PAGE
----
It would be wrong of me to stand up and say that we do not have a problem. We have a problem and an issue. The demand exists and there is extraordinary frustration for parents. Some parents have the uncertainty of not knowing that their children will have a place in September.

I am working with the National Council for Special Education. I have asked those responsible to look at whether there are better ways of communicating messages rather than having parents going around to up to nine different schools where the units may already be full. I think we can be better at communicating. We can do that at one level but I wish to make a public plea again to schools. Ultimately the school will make the decision, but if a school has a need for a special class, we will provide capital funding to that school. I would encourage schools to look at the schools that already have these special classes. It is an enriching experience to be in those schools and to see all the different benefits of having special classes. I was in the Coláiste Gleann Lí in Tralee last week. They have a sensory room and a new special class. It is a wonderful place to be to see that inclusiveness.

I know this issue will remain an issue and will continue to be an issue. It is something that I want to work on together. I believe there are short-term ways of making it more effective from a communications point of view but there is the issue of infrastructure as well.

I do not think it is acceptable to say that this will remain an issue. That sounds like the old religious adage: "The poor you will always have with you". That is not the position. The State is obliged under the laws of this land and the Constitution to provide an education to every child but it is not doing that.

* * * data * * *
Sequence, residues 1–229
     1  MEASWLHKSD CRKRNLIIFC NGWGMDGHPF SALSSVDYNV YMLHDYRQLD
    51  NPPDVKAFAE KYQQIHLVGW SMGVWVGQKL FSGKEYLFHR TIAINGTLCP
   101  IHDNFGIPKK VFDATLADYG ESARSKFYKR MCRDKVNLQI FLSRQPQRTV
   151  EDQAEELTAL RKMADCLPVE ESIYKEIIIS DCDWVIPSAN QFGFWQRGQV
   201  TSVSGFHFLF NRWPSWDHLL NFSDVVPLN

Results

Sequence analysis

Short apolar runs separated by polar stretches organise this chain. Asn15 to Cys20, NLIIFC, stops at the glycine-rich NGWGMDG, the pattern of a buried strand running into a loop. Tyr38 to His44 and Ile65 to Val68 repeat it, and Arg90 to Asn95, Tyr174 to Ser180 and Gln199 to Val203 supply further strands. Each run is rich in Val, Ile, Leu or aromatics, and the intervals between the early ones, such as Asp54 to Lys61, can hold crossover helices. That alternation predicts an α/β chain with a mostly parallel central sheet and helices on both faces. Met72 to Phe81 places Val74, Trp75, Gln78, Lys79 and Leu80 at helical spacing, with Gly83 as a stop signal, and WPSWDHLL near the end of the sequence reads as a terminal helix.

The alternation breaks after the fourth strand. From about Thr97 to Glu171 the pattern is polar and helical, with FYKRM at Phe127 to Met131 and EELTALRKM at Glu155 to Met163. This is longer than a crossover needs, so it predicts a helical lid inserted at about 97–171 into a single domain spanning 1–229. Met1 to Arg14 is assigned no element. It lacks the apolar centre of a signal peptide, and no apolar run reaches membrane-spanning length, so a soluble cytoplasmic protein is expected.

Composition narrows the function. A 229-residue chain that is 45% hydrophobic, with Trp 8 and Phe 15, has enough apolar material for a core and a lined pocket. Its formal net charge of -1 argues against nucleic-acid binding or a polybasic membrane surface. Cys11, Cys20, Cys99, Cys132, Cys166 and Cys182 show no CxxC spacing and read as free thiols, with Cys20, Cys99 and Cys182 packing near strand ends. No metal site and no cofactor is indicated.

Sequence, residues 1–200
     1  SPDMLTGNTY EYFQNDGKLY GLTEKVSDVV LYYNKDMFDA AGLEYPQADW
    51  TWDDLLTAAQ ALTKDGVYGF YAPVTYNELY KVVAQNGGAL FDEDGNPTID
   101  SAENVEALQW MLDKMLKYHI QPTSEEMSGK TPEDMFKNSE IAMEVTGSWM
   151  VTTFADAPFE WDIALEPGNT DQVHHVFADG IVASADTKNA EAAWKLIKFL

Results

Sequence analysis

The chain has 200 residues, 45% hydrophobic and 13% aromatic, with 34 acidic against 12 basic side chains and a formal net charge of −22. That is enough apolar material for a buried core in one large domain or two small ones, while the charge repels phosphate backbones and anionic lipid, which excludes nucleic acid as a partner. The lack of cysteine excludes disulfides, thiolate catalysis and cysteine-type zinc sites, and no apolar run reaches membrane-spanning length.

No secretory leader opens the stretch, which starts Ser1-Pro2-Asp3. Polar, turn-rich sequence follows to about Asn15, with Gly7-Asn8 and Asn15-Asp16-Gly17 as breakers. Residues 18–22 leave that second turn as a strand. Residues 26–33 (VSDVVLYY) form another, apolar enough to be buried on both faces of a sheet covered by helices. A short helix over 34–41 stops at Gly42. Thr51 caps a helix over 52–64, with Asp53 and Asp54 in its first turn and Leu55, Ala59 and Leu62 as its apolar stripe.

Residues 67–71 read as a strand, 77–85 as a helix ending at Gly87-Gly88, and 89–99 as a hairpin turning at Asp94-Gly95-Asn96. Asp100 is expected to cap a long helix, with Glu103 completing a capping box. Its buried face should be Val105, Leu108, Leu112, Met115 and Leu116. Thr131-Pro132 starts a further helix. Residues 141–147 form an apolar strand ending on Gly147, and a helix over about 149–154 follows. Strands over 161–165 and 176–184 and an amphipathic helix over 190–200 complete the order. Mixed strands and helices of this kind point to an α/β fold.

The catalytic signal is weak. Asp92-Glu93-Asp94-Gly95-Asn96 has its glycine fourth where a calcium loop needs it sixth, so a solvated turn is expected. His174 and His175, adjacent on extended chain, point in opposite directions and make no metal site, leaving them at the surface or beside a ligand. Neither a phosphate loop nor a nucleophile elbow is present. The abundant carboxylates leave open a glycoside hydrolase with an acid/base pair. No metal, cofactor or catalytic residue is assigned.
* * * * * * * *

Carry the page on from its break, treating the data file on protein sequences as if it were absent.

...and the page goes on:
The Minister said he put out a plea to school to take special classes. That is behind the curve. Legislation was passed here last year at the insistence of Fianna Fáil to provide the Minister with the power to force schools to take special classes. It is about time that power started to be implemented because it has been in law since last December. We objected to the passage of the Education (Admissions to Schools) Bill unless these measures were in it. They are now in it and thankfully the former Minister, Deputy Bruton, accepted that. It is about time the Minister and the NCSE started using these powers to force schools to take special classes and to look at the establishment of special autism schools or other special schools. What is happening now with some special schools is that they are taking children who are at the lower end of special needs. This means children who have the most severe and profound autism are being left on the scrap heap. It is tragic and sad. I encountered parents crying outside the Dáil last week. They came to plead with us as legislators to do something about it. I told them we had done something about it. We have changed the law, but the Minister needs to implement the law and finally do something about the problem.

Deputy Byrne is correct to say there is provision now in the Act to allow the Minister to compel schools in this regard. I am always a believer in working with people, whether it is working with schools or boards of management. I am asking for schools to look at the schools that have made the decision to have special classes. It is the right thing to do in terms of inclusive education. If there are outstanding demands and gaps, then I am fully prepared to continue my engagement with the NCSE. I am also determined to ensure we help the parents who are going through this incredible frustration. It should be a positive experience when young people are going to primary or secondary school. I am concerned about taking away that positive experience. Whether we have to use the legislation through compelling or whether we try to encourage the schools to extend or provide the special classes is a matter for consideration. The special classes and the people who work within them are not simply add-ons to schools. That is one of the things I noticed in Coláiste Gleann Lí in Tralee. The special classes are central to the physical structure of the school. It is a normal road to go.